Lately, there has been a surge of writing on “what not to say”. My last blog, ‘Prospecting Kill Phrases’ addresses this trend. There is a flip side to this: “what to say.” The premise for both advisements is to help you boost your credibility and create some trust. This is very important because your prospect gauges the experience they’ll have with you based on how they perceive the intent of your outreach. Are you showing a bias in your approach that is killing your chance to initiate or advance a conversation?
Yes, you are hired, trained, and rewarded to help your company grow by making sales. However, this backstory of fact doesn’t help you. For most of you – it works against you. It creates a bias. Your prospect knows you are emotionally invested in a “sales” outcome. They look for indicators in your words, body posture, and actions. For your prospects, these are triggers by which they decide how much they can trust you. This trust assessment impacts the energy, vulnerability, and commitment the prospects invests into their conversations with you.
Your biases also have a direct correlation with your ability to help your prospect make an objective decision. Your prospect feels the emotional attachment of current relationships, past efforts, and ownership of whatever solution they have in place today. This weight makes it very hard for your prospect to be objective in their review.
As humans, we are inherently not objective. We get attached to our past experiences, the things we create, and the relationships we build. These are triggers for creating our personally biased viewpoints, and they prevent us from seeing things for what they really are. If you are in sales, this is what you are up against most of the time. The prospect doesn’t struggle to see the benefits of what you offer or do – they struggle to separate themselves from these triggers. This struggle impacts their ability to be objective.
To avoid triggering your prospect’s biases – you need to remove yours and approach your conversations more objectively. Here are a few examples.
Biased – “Would like to take 15 minutes of your time.” You’re telling the prospect that the 15 minutes you want to take from their day is about you. So what’s in it for them? What do they get in return for the 15 minutes? A biased pitch on why they should consider doing business with you? Why do they owe you the favor of donating 15 minutes of their time to listen to you pitch, promise, or pled?
Unbiased – “Not sure of the timing of my outreach and at the risk of sounding assumptive – a conversation might make sense.” Here you’re showing your objectivity by mentioning your uncertainty. And you’re showing your client awareness by stressing that you are not assuming, and your unbiased approach by using the word ‘might.” Remember, you are trying to build some credibility here.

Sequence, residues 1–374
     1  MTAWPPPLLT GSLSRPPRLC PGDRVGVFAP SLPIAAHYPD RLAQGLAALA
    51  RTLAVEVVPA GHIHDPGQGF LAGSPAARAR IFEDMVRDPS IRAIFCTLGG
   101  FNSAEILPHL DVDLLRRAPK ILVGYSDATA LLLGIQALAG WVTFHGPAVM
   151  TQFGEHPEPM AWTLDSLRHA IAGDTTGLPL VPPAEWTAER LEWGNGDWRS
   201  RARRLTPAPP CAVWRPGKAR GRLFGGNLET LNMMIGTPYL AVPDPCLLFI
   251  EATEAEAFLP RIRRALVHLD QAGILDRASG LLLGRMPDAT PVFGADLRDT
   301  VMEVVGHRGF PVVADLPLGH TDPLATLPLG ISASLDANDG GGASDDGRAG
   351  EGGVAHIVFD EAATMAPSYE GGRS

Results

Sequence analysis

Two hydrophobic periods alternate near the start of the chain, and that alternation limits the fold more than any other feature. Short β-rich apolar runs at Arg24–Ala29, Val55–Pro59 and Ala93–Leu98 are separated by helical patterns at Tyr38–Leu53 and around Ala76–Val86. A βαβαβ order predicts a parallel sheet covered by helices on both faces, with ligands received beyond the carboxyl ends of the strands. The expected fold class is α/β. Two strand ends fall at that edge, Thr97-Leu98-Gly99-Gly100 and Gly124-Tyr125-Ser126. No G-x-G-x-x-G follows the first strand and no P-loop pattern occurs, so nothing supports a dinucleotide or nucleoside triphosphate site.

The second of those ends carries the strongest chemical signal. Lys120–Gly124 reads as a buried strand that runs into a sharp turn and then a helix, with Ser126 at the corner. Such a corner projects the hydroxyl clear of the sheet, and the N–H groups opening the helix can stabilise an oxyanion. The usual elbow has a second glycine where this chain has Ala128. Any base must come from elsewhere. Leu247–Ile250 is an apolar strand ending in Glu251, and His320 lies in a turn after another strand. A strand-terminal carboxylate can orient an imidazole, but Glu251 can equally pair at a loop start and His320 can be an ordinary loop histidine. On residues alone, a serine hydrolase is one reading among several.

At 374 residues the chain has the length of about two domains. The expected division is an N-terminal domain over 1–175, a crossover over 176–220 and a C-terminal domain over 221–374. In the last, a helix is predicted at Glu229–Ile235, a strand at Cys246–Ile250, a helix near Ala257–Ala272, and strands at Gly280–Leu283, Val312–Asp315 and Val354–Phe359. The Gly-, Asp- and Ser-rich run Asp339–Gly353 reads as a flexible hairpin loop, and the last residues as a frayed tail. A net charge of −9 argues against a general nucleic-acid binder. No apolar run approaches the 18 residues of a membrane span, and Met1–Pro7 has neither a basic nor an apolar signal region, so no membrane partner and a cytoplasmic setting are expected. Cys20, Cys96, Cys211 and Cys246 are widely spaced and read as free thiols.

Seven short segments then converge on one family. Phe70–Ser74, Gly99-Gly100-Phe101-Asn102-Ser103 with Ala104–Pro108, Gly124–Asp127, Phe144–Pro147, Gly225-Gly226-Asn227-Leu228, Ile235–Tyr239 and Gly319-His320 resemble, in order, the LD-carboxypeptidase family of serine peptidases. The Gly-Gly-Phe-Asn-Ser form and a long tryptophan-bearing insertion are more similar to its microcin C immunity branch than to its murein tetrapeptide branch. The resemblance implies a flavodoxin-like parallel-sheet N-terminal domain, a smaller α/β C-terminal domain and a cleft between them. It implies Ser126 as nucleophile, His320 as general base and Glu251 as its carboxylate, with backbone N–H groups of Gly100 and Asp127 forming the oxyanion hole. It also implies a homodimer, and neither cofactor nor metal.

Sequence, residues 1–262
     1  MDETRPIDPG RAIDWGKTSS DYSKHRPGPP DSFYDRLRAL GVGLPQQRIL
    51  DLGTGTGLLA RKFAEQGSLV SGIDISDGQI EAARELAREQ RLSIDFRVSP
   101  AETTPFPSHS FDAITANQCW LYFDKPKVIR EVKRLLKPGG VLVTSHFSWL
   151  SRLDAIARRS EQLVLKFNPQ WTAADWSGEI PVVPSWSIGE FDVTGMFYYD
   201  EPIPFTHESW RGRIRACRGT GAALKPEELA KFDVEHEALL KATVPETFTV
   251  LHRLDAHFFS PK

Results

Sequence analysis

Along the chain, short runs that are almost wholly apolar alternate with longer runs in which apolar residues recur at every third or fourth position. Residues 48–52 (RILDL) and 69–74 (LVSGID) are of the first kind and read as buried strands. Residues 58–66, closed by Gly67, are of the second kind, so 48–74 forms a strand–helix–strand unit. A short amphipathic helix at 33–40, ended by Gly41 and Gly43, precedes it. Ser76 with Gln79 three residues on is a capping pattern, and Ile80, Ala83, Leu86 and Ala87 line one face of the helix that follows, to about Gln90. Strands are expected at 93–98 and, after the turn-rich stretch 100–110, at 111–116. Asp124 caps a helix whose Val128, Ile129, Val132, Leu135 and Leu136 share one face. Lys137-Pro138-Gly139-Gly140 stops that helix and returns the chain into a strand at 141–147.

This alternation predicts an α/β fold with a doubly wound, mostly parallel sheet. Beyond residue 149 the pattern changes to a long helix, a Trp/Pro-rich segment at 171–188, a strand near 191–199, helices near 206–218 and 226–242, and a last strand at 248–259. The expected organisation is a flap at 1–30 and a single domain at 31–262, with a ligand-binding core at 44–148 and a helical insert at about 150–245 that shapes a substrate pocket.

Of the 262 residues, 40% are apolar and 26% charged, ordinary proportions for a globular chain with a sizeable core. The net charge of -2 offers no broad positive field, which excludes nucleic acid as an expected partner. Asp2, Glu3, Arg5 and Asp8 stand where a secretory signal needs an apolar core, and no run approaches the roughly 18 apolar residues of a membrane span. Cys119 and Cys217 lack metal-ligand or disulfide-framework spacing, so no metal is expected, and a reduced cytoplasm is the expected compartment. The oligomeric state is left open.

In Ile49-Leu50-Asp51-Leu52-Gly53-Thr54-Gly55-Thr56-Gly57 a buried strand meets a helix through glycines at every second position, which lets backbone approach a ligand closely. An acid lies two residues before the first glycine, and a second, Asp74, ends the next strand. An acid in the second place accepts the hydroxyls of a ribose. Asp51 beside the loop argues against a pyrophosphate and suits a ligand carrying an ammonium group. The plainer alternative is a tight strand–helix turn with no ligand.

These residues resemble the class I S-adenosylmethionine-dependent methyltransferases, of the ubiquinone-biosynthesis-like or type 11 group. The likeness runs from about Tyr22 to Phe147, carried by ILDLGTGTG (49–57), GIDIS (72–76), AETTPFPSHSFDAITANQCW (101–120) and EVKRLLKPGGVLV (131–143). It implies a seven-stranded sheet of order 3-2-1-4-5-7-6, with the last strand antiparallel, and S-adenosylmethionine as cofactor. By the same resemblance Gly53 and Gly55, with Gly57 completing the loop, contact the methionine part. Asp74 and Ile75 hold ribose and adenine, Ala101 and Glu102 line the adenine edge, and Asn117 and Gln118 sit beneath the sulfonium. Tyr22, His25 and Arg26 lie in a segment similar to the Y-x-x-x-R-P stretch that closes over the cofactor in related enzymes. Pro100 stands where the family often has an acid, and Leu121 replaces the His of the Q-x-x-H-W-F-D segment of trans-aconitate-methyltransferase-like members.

Biased – “Would love the opportunity to get together.” How objective does this sound to your prospect? You know very little about them, their business, or situation and you’ve already decided that “you’d love to get together.” Or how about labeling a conversation with them as an “opportunity.” Is it an opportunity for you to position a sale? What is it for them – an opportunity to listen to your pitch and feel the pressure of you wanting something from them?
Unbiased – “We’ve never met or talked, so I can understand if my intent to make an introduction could be misunderstood.” Here you are showing some vulnerability by calling out the obvious – “never met or talked.” You’re making the introduction more about them by acknowledging the possibility that they might initially misunderstand the purpose of your efforts.
There are some common themes in both examples that will help you communicate with more objectivity in all of your outreach:
- Stipping away any assumptions that the prospect should spend time with you.
- Communicating with a little vulnerability by calling the situation out – being human.
- Engaging them as if you’re on their side of the desk.
Remember, the prospect is innately looking for reasons to trust you or not trust you. If you bring your sales biases into your communication and conversation – you’ll simply create more sales barriers. However, if you can learn to become more objective in your intent and conversations, your prospect will become more objective in their assessment and will consider and debate how much time they want to spend with you.
If this still isn’t clicking for you – think of the following:
- How do you respond when someone’s words and actions serve them vs. you?
- How much credence do you give to an opinion that is biased?
- How attached are you to your memories, experiences, and creations?
In the end, objectivity is one of the most important ingredients missing in today’s sales environment, and that’s why selling has become so difficult. It’s not about what you say – that’s simply being prescriptive. It’s about your conversation intent because your words always follow your thoughts. If your intent is to pursue a sale, your biases will flow into your conversation and impact your results.